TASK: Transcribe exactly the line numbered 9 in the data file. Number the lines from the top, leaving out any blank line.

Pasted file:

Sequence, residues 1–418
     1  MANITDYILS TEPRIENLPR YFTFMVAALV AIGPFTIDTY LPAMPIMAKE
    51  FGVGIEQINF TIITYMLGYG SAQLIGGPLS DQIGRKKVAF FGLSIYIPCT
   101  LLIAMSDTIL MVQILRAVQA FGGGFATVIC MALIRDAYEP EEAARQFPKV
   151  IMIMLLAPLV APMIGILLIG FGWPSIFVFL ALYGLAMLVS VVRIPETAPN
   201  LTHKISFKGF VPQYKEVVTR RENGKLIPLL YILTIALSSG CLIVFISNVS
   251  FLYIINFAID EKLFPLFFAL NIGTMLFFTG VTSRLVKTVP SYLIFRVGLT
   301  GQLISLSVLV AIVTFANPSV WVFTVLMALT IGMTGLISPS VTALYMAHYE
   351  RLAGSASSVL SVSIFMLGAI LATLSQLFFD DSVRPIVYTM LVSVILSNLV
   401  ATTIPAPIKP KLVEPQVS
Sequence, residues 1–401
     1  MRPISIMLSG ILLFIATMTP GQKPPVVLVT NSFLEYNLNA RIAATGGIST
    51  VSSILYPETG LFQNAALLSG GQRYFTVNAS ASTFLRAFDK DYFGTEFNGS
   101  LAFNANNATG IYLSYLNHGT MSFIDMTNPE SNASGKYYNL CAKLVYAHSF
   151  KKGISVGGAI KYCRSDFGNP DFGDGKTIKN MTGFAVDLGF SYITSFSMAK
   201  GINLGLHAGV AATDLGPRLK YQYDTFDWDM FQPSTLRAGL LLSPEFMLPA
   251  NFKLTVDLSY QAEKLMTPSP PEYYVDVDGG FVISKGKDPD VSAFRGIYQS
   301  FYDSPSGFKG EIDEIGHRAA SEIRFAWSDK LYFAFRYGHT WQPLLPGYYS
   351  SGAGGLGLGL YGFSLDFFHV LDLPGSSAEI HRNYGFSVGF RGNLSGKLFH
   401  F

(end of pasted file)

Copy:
   351  RLAGSASSVL SVSIFMLGAI LATLSQLFFD DSVRPIVYTM LVSVILSNLV